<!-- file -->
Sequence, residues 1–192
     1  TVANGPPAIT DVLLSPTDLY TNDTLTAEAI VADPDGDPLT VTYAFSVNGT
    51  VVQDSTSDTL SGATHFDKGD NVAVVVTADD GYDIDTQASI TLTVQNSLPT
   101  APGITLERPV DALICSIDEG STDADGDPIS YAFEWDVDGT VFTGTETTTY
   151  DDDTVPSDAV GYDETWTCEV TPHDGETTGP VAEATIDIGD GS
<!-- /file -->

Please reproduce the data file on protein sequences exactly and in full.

Sequence, residues 1–192
     1  TVANGPPAIT DVLLSPTDLY TNDTLTAEAI VADPDGDPLT VTYAFSVNGT
    51  VVQDSTSDTL SGATHFDKGD NVAVVVTADD GYDIDTQASI TLTVQNSLPT
   101  APGITLERPV DALICSIDEG STDADGDPIS YAFEWDVDGT VFTGTETTTY
   151  DDDTVPSDAV GYDETWTCEV TPHDGETTGP VAEATIDIGD GS